Jean-Bernard Metais, Immersion (2008). London (England)
My approach is to create a visual wave of words taking off from a garden, crossing a footbridge and buildings and stopping before the Thames. I am inviting you to join me on a journey, a visual and sensorial immersion in a time word ramble, an immersion-connection in "Queensbridge water". The magnetic presence of the Thames, invisible from the garden, is one of the most significant and attractive elements in the today's urban setting! The desire to cross the space separating us from the river is brought to reality in my artistic project, with a flow of words, questions, and appeals to the unknown, where the comprehensible and the incomprehensible attract and repel like lovers. Firstly there is the footbridge that I would like to deal with in sculpting terms as "a magic embarkation", a sort of "totemic barge" entirely covered in inscriptions, and next comes the gallery overlooking the road with its flow of vehicles. This crossing is a little like tightrope walking, the writing in this sensorial room is gentle, transparent, calm, and aerial; in this elongated space a slowly drawn breath is released towards the Thames. In the staircase descending one floor are mobile words; they move gently as we approach and accompany us to the last corridor by the water.
THE ENERGY OF PLACE
The Thames was made narrower as the banks were advanced to make way for the new, growing city. In the small park where the footbridge starts, were discovered the Roman baths built close to the old riverbed. This area, gained or lost according to your point of view on human activities, today sets a new time scale for a journey: in this precise spot I have chosen to develop my artistic project. My aim is to rewrite the route, between actual history and fiction, between archaeology and modern story telling. This immersion "movement time words" is a sensitive, poetic sequence; the time of an encounter, of perception and reading the writing will be random and evolving, a letter or an extract from a book written in the Middle Ages may rub shoulders with contemporary words or timeless fictions, as in a random "verbatim."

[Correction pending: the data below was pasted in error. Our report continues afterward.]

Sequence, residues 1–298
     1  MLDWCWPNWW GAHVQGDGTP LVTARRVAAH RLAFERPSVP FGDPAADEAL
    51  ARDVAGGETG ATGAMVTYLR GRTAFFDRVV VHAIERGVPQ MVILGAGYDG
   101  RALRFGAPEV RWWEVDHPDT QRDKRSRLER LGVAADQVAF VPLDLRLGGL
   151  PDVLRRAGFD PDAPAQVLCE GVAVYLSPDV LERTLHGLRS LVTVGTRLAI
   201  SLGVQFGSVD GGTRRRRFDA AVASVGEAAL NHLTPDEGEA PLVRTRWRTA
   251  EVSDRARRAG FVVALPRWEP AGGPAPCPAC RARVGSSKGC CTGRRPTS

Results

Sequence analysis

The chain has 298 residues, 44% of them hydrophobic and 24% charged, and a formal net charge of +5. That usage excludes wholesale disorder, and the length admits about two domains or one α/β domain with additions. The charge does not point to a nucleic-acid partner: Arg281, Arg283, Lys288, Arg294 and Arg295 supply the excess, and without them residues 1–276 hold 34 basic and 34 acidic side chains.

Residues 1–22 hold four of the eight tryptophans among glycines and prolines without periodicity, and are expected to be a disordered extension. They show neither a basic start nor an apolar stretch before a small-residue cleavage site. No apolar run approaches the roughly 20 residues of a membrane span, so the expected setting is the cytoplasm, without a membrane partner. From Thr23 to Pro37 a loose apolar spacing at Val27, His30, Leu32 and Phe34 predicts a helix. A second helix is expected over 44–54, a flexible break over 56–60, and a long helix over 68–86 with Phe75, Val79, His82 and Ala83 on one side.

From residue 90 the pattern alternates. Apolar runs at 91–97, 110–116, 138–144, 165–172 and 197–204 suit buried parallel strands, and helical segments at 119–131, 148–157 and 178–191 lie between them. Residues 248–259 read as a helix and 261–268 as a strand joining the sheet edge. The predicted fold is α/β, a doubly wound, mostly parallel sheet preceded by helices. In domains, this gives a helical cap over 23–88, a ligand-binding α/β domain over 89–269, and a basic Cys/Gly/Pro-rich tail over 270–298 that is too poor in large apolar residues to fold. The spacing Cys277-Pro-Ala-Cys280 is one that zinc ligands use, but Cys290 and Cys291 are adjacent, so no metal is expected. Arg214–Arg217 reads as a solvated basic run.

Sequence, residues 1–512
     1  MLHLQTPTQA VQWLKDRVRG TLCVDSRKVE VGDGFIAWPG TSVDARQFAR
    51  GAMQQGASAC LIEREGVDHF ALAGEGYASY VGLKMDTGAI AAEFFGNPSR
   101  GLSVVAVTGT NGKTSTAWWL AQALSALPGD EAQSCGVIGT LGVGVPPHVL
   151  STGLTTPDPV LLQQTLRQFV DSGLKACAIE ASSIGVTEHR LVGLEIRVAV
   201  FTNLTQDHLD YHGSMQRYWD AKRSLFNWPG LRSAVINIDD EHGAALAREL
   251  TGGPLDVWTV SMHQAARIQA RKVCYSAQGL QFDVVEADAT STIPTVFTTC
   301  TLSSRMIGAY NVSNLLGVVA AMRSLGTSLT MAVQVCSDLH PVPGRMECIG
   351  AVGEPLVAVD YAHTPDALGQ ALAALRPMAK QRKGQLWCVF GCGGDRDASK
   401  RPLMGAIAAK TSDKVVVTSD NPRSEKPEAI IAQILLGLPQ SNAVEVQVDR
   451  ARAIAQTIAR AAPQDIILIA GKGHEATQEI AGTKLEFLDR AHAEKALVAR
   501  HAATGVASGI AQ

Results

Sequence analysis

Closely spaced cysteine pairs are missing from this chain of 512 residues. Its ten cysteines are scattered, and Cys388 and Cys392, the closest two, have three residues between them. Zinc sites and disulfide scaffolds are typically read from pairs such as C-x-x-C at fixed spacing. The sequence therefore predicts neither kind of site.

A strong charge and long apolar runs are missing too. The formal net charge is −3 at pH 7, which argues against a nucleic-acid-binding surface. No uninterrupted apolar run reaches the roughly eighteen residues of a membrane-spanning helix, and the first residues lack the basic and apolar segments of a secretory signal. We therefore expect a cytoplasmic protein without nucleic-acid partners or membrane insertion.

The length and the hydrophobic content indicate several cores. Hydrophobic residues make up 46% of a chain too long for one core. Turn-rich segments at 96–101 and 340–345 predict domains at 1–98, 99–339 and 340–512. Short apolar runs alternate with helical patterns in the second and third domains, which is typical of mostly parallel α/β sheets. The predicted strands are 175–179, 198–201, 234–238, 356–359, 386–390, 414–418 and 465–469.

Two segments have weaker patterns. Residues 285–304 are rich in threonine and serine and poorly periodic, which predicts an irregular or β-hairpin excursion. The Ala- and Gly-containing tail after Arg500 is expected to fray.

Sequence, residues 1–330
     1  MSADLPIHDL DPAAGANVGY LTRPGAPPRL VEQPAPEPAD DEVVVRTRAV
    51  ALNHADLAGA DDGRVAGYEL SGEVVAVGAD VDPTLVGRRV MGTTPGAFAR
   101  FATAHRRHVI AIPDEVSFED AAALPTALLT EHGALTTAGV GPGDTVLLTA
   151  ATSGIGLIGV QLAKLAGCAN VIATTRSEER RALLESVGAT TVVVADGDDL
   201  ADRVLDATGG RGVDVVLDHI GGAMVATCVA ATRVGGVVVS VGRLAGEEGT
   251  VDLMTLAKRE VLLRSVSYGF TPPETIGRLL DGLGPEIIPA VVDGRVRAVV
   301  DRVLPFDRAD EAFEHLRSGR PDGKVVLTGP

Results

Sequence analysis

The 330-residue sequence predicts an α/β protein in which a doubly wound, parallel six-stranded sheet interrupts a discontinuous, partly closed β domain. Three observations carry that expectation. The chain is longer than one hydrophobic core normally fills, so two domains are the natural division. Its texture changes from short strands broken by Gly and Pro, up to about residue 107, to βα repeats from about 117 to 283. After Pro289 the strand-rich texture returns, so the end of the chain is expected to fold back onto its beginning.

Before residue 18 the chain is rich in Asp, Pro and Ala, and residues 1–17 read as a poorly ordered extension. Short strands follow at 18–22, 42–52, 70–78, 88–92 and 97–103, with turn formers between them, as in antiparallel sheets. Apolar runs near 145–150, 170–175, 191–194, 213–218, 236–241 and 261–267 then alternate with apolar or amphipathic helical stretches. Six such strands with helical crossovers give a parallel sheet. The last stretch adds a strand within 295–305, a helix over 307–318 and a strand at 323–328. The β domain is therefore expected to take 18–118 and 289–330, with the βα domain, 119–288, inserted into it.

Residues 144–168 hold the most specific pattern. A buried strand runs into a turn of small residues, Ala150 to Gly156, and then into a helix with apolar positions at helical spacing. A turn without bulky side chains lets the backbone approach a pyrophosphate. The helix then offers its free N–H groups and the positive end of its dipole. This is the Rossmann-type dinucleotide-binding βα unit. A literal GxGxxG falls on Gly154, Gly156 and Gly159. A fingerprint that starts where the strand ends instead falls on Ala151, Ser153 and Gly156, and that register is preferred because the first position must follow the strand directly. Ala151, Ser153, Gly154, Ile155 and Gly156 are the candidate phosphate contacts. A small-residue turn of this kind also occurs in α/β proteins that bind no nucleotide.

Stories about the place, old and recent, will be layered over one another like rock strata over time, yet in a random, poetic and evocative sequence. Some of the writing will be legible, some difficult to decipher or so light and visually transparent that a propitious moment will have to be awaited or a second visit made in order to understand them. Some words written backwards, or in reverse of the usually accepted sequence, will keep their secrets until the shadows lengthen or artificial lighting reveals all!
My project, in its visual and evocative appearance, invites, through the use of language, a sensory immersion in predetermined space-time. The connection between the actual viewer and the place itself will occur instantly or through successive crosschecking and repeated experimentation.
To conceive this poetic aspect, I shall collect words, texts, citations, sentences and other writings from targeted sources such as letters, rubrics, stories, extracts from books, old and current poetry, and other material mainly relating to the history of Queensbridge and the Thames in this very spot.
Undertaking this research will be a big task to consult libraries, archives, archaeologists and the local population who live and work in the area and alongside the river. The materials I shall use for the project will be metal perforated with the texts, resin and serigraphy on glass, light and interactive projected lighting. In the gallery staircase I would like to use projected texts that will change and become activated as visitors stroll by. This space could be one of the strongly creative areas on the daytime and nighttime route. If during the day the sky darkens and we find ourselves in a relative penumbra, the projection will be automatically triggered. Otherwise the writing will appear to a set schedule. For the writing displayed in the gallery and on the footbridge I shall use natural and lacquered stainless steel and cut resin shapes, serigraphy on glass and resin as well as holograms inserted between two glass plates. The colours of these holograms will react differently depending on variations in natural and artificial light.
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